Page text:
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Vultures poisoned to brink of extinction
Recent decades have seen an alarming decline in Africa’s vulture populations, with four of South Africa’s nine vulture species now regarded as critically endangered. Reasons for the increase in mortalities are numerous and complex. But being obligate scavengers, and therefore particularly susceptible to dietary toxins, poisoning is cited as the biggest contributing factor.
Intentional poisoning, often for the harvesting of vulture brains for use in ‘muti’, or traditional medicine, involves the lacing of poached animal carcasses. According to believers, smoking dried vulture brains can help with winning at the lottery or horse races, boosting exam performance, or luring more clients to a business. Secondary poisoning can occur from veterinary drugs, like diclofenac. And unintentional poisoning can happen through the accidental ingestion of spent lead ammunition.
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Impact of lead toxicity in vultures
“Lead is a toxic heavy metal which serves no known biological function in any living organism,” says Van den Heever. “Its harmful effects on both human and animal health have been well-documented. In birds, lead exposure, even low-level chronic exposure, affects all the important biological pathways, including the cardiovascular, renal, hematopoietic, gastrointestinal, reproductive, and nervous systems.”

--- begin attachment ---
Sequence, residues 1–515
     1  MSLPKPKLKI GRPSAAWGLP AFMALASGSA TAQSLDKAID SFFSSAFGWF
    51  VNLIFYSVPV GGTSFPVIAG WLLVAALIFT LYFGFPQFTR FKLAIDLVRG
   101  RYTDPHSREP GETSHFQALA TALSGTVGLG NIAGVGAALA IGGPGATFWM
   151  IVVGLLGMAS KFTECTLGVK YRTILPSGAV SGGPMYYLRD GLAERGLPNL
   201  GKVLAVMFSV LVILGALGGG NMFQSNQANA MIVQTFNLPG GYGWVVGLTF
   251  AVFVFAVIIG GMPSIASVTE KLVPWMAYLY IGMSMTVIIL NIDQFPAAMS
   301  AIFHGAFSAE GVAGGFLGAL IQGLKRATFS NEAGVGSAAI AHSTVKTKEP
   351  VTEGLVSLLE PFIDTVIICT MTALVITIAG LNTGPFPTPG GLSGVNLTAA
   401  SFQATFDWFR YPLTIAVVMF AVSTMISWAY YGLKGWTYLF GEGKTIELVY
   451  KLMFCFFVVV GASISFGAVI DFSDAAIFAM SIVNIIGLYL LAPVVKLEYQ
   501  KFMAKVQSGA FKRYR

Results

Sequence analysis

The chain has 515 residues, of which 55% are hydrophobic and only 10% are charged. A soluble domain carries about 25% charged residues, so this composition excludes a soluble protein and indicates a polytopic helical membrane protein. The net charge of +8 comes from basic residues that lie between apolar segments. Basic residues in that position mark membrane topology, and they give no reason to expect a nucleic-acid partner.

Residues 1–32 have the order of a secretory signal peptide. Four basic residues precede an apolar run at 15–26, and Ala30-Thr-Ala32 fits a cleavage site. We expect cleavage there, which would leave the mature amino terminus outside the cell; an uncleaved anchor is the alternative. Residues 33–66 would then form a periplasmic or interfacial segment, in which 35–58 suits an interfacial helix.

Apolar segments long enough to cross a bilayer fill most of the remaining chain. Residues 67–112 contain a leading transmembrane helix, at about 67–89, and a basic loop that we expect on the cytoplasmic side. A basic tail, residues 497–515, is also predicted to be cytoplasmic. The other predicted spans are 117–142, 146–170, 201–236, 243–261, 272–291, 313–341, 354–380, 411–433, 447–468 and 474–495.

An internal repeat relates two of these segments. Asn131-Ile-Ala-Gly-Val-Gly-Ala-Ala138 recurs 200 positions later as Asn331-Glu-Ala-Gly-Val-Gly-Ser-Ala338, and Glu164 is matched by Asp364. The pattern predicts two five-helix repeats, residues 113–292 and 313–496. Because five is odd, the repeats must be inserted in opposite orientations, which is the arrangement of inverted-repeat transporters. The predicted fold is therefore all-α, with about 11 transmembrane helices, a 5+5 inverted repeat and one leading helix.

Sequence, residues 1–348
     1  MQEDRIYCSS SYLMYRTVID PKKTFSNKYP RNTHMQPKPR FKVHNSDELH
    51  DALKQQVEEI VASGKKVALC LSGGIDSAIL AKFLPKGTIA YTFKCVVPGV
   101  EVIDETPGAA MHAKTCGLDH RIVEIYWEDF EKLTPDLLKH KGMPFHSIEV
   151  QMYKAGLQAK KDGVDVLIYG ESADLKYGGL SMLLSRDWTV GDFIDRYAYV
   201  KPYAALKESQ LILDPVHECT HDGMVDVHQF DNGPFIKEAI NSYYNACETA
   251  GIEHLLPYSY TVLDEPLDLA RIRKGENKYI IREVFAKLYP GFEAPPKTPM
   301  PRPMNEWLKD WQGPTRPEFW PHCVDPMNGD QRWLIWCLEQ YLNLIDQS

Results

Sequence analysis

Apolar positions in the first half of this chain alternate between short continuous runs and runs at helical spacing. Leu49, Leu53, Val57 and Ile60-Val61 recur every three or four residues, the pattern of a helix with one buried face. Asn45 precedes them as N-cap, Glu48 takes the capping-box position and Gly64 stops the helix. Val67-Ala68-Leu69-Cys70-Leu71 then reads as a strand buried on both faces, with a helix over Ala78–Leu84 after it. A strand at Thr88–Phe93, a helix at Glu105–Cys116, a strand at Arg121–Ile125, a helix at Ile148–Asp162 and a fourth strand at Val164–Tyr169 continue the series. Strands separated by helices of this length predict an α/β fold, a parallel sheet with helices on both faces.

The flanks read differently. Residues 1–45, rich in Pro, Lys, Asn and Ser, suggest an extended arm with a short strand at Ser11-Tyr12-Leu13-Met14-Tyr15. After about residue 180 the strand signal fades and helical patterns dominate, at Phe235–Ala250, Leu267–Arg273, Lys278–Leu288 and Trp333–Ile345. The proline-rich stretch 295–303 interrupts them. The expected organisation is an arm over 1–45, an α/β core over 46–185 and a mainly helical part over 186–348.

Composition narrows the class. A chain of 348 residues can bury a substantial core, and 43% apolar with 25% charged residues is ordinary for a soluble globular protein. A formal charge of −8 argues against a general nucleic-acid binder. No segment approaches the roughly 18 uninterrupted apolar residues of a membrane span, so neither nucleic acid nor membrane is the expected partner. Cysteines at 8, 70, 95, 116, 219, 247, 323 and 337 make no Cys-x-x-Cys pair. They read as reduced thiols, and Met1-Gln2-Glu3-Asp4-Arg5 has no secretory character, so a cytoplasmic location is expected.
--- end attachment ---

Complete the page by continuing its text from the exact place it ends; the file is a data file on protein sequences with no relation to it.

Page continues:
“Following a nationwide assessment of lead levels in our Critically Endangered White-backed Vulture population, we found that a significant proportion of the birds, including chicks, had elevated concentrations of lead in their blood and bones,” she adds. “In nest-bound chicks, this is from lead fragments which are regurgitated by their parents during feeding.”
Lead Task Team and Vulture Safe Zones
In partnership with multiple stakeholders, BirdLife SA is committed to finding and pursuing constructive solutions to mitigate the impacts of lead poisoning across all of Africa’s beleaguered vulture populations, and reverse their dramatic population declines.
Van den Heever serves on the national Lead Task Team, working closely with farmers and hunters to remove the threat of lead poisoning to vultures and other scavengers, by urging them to switch to non-lead alternatives. She also works on the Vulture Safe Zone project, helping land-owners to manage their properties in ways that are safe to vultures. Their work is currently taking place in Pongola, Mkuze, and Hluhluwe.
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Ford Wildlife Foundation
“The sponsorship of a Ford Ranger double cab from the Ford Wildlife Foundation (FWF) has made a huge difference to our Vulture Project,” says Van den Heever. “My job frequently takes me to remote areas where the use of a sedan is impossible. The Ranger has taken me over impassable roads in Lesotho, northern Limpopo, and Zululand, and also carried me through deep sand and across dunes in the Kalahari. I wouldn’t be able to conduct my lead research, or implement the Vulture Safe Zone initiative without it.”
“Although our names are spelt slightly differently, Linda van den Heever and I are definitely cut from the same cloth when it comes to our passion for conservation,” says Lynda du Plessis, manager of FWF. FWF was established in 2014, but Ford has been actively involved in conservation efforts in Southern Africa for 30 years. “Linda is one of those inspiring ladies who epitomises the ethos of what we have fondly dubbed Ford’s #WomenWithDrive,” adds du Plessis. “And it really is such an honour for us to be able to support organisations like BirdLife SA, and their Vulture Project, through the use of our vehicles. We’d like to take this opportunity to thank Linda and the rest of the team for all that they do to help stem the flow of vulture losses, and we wish them well in their ongoing efforts to give conservation wings.”